9:16 AM, Tuesday May 25th 2021
Hello again Kap, congrats on finishing lesson 4! I'll be looking over your work.
Also I know we talked about a couple of your constructions on the discord channel so I'll try to be brief when talking about them.
Starting with your organic forms with contour lines, you generally sticked to the characteristics of simple sausages which is great. However with your contour lines, you usually drew them pretty flat and kept the degrees of them the same. Remember that just like the branches, varying the degrees of your contour curves really helps sell the illusion of depth. Also when drawing the contour curves, try to think about the volume and the shape of the form you're drawing them on.
Moving onto your constructions, you honestly did a great job here. I'll try to point out any mistakes I see without being too nitpicky though.
You generally tried to work additively as much as possible, starting from simple forms and adding new forms on top of them in order to create your constructions. You occasionally deviated from this method though. Instead of adding forms to an underlying construction, you instead tried to draw the entire form in a single go (the front and the back legs of your grasshopper and the claws of your lobster, for example). I'm going over this again because this is an incredibly important part of lesson 5. You'll start to realize this with your animal constructions as well but I'll mention it anyways: When drawing your organic constructions, the forms you're adding to the initial construction should almost feel like piles of clay that you're adding to a 3D gesture that you've created (with sausages, spheres, whatever). This is a very powerful approach in my opinion because this way, you will start to think deeper about how each individual form wraps around each other (like on this dog leg demo, for example), which is the main part of most of these construction lessons.
You did a really good job with your cast shadows and I'm really happy to see that after pointing it out on your lesson 3 critique, you managed to limit your use of shading only to show how each form relates to each other. Not only this helps make your constructions look more convincing, it also saves your overhead view constructions from looking 2D (like on your bee construction). However, on two constructions, I'm seeing that you colored in the little spots on the abdomen of your insects (this one and this one, to be precise). I think this was mentioned on discord as well but although they don't look too distracting here, these have the potential to flatten out the entire construction so try to avoid coloring in to show the actual color of your refs. (If you look at the comments of the tiger head demo video, you'll see that Uncomfy admits that coloring in wasn't a part of the lesson and should've been avoided)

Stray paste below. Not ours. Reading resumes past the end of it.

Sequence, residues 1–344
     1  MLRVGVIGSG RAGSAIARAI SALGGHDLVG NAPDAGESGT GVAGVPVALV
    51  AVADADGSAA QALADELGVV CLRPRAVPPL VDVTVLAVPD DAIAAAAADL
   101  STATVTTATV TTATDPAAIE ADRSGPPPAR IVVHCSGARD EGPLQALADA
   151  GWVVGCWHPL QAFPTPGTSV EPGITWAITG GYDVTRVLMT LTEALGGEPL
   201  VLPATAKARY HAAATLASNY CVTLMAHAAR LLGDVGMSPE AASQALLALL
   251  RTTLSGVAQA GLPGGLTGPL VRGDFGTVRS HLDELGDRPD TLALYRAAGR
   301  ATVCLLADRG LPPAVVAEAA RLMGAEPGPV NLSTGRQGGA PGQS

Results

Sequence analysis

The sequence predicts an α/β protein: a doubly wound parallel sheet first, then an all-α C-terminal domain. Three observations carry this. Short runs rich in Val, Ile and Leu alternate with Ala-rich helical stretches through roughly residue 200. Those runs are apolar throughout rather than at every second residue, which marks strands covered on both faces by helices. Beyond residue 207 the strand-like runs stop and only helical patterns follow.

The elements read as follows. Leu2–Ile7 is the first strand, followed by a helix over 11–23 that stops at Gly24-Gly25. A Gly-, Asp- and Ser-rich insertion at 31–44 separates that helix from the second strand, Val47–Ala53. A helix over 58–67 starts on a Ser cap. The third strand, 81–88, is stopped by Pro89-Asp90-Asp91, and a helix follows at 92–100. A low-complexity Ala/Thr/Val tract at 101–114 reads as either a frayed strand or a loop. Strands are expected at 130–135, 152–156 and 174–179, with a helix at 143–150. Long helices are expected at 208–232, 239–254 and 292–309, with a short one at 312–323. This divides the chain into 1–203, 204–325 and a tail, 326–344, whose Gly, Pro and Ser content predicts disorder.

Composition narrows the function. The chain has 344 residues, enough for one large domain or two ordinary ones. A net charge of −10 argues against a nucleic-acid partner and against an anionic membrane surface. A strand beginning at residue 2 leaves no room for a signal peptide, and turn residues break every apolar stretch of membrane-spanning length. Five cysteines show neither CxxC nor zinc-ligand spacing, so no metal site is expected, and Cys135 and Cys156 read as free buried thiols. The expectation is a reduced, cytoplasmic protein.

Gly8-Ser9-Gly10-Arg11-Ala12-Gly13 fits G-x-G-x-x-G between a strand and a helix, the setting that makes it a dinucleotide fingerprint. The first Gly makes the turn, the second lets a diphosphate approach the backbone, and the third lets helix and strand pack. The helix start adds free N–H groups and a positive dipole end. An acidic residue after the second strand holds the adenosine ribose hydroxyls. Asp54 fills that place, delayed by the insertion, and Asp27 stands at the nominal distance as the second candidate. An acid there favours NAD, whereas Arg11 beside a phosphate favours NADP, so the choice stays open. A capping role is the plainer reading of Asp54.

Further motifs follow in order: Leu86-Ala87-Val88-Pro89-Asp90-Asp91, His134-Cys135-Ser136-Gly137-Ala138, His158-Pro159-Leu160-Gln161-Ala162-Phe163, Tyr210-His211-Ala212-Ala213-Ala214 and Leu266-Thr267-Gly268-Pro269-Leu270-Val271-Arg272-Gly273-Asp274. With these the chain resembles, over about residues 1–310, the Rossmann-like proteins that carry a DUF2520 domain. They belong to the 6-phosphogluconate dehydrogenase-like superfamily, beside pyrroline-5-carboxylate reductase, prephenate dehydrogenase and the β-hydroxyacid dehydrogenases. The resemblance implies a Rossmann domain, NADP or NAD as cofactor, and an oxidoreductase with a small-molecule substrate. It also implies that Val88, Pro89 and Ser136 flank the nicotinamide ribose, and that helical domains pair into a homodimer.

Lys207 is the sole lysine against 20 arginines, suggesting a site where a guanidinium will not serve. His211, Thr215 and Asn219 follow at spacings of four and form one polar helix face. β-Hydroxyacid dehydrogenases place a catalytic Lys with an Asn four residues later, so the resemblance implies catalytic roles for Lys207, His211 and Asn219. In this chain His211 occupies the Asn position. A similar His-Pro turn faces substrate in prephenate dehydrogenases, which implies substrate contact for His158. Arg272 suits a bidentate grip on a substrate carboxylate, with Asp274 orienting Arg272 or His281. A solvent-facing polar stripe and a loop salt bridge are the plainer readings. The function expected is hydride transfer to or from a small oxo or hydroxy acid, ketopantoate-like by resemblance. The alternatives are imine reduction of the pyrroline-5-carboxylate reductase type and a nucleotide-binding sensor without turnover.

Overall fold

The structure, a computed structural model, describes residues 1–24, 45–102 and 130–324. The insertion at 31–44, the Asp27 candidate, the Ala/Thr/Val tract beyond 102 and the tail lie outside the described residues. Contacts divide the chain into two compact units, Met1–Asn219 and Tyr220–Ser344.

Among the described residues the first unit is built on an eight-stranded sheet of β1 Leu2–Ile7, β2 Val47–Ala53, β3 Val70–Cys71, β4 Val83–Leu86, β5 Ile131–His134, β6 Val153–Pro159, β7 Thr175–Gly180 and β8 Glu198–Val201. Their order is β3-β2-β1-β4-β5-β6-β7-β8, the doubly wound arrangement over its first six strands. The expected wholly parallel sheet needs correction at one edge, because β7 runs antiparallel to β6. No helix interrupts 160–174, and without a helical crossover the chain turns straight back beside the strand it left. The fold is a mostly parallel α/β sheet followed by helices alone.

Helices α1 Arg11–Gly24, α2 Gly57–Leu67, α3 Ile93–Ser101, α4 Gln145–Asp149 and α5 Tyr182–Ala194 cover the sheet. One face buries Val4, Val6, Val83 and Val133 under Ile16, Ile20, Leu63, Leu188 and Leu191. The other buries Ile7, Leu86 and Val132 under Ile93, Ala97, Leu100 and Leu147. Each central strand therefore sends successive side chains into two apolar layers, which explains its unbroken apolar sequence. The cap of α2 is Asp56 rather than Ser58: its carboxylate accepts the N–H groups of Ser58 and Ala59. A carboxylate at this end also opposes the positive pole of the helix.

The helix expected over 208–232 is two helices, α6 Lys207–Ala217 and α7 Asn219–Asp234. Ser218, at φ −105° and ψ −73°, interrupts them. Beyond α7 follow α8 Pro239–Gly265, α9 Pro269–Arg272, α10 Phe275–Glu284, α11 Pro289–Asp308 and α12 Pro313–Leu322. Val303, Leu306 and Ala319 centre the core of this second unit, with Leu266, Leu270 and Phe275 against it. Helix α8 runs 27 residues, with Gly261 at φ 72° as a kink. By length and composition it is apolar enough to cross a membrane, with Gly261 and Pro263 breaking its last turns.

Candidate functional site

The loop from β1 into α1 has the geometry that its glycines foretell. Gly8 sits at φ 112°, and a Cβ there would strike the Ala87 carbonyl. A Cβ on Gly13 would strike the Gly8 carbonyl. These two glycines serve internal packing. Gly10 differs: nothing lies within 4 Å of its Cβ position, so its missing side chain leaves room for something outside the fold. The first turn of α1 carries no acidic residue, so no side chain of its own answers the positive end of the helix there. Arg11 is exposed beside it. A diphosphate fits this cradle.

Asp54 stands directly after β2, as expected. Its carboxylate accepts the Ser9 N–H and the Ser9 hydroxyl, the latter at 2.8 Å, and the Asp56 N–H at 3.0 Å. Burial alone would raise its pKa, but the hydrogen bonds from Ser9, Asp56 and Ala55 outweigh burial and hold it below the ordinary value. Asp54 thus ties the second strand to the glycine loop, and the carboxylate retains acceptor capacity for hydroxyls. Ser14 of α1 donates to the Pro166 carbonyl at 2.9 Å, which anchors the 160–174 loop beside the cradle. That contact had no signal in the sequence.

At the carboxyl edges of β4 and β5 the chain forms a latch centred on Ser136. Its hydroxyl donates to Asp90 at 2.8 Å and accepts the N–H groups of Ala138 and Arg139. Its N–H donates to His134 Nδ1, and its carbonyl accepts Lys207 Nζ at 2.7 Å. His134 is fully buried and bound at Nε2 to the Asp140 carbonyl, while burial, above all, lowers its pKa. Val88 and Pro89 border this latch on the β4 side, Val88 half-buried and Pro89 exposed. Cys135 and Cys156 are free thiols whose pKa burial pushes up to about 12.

I don't think I have anything else to add! I'm sorry if this critique was rather weak. Even though I tried to make as many pointers as possible, I didn't want to overwhelm you by going over the same mistakes we talked about on the discord server.
Also I know you completed this lesson quickly because you had a lot of free time but with your animal constructions, try to really take your time with each page and observer your references closely. This actually came up in your lobster construction as well. If you look at the scales on the tail of your construction, you'll notice that they kinda look like sausages instead of scales. This is mainly because you weren't fully paying attention to the silhouette of the tail on your reference. This is obviously not a big issue but I just though I'd give an example.
Overall, you did a great job with the lesson so I'll go ahead and mark this as complete. Good luck with lesson 5!
Move on to lesson 5.